THE TROUBLE with the aging process is that you don’t really start thinking about it until you are older. And by then it may be too late to do anything about it.
Nobel Laureate Elizabeth H Blackburn was in town recently to talk about her research into telomeres. These are the protective tips of chromosomes that help stabilise the genetic information of the body. It seems telomeres shorten as we grow older and this erosion process is linked to major chronic diseases such as diabetes, cancers and heart problems. Latest studies show also that chronic psychological stress exacerbates telomere shortening and therefore can hasten death.
Professor Blackburn, born in Tasmania but now living in California, is looking to reverse or slow down the shortening process in telomeres and as a result, slow down the aging process.
Sounds good to me.
I was particularly taken with her comment during a radio interview when asked what we can do to help ourselves. Nothing much has changed, replied the good professor. Our Mums and Grandmums told us to eat vegetables and fruit, to take exercise, and not to over-indulge, she recalled. And that’s exactly what the current research is showing, she said.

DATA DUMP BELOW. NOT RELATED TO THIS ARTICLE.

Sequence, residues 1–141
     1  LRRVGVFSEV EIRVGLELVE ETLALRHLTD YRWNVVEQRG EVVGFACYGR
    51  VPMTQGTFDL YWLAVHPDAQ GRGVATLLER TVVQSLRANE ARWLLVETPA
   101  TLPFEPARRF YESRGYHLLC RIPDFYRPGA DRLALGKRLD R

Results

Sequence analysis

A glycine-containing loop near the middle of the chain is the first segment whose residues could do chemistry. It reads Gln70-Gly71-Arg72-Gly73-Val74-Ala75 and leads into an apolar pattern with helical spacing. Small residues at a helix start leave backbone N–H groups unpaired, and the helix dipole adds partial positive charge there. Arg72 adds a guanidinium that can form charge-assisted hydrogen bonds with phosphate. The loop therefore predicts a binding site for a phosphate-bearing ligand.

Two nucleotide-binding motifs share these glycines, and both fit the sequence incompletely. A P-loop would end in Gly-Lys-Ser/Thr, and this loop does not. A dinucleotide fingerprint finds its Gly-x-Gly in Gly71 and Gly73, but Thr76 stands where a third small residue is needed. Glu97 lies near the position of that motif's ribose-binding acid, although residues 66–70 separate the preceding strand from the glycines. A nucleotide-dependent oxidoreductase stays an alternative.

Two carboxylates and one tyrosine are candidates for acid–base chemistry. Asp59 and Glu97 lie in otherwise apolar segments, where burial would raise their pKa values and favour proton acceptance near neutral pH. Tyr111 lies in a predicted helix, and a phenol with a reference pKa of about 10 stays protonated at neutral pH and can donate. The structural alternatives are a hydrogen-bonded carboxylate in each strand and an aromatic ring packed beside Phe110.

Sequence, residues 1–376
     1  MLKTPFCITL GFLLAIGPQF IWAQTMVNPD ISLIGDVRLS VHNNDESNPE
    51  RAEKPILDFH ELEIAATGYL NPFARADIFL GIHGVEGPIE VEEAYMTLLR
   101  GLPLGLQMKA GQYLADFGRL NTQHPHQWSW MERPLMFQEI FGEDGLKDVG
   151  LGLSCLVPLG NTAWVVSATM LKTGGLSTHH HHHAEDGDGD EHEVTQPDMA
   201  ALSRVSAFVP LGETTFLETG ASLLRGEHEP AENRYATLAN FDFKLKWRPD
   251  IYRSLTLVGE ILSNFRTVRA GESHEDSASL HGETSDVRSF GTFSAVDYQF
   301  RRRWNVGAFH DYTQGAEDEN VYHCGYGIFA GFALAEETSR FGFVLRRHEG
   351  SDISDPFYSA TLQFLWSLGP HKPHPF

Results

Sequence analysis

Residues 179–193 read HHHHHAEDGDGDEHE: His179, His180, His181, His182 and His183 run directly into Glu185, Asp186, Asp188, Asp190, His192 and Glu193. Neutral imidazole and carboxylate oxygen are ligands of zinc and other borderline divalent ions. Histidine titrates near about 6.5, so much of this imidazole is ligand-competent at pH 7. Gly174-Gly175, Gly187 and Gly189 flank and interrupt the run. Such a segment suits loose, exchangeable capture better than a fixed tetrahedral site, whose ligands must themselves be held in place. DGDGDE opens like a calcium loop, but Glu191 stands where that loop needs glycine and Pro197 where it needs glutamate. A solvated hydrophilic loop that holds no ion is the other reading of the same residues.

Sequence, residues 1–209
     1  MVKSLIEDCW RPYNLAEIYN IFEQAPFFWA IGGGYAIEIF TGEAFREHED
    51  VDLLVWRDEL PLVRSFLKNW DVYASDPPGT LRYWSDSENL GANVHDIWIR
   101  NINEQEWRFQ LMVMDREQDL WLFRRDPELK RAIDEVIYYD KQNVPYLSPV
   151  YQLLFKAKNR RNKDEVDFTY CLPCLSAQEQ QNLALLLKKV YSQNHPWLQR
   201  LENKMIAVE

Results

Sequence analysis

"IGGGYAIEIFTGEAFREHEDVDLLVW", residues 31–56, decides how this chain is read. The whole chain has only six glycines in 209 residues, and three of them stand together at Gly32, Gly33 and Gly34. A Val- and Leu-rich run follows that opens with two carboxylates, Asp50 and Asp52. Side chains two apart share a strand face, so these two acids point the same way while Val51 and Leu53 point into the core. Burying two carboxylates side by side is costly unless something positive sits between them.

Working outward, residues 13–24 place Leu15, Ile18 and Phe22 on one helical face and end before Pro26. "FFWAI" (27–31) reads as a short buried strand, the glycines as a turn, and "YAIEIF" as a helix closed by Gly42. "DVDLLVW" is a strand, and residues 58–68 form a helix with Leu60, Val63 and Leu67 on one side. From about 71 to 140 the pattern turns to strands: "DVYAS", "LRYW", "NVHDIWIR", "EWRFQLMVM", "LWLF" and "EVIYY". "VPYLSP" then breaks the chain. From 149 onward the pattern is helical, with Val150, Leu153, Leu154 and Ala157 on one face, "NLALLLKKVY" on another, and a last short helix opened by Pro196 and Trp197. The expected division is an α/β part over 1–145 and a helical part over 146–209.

The comments came in the same week that the Australian Bureau of Statistics released research about Australia’s eating habits, the first such survey in 15 years.
It was a big survey – 12,000 people – and the results were alarming.
Apparently, we’re eating 30 per cent less fruit and vegetables than 15 years ago. One in four adults have no vegetables on the plate on an average day. And only seven per cent are eating the recommended five servings on a daily basis.
So there you are. I always said Mum knew what she was talking about. Shame I didn’t listen too often.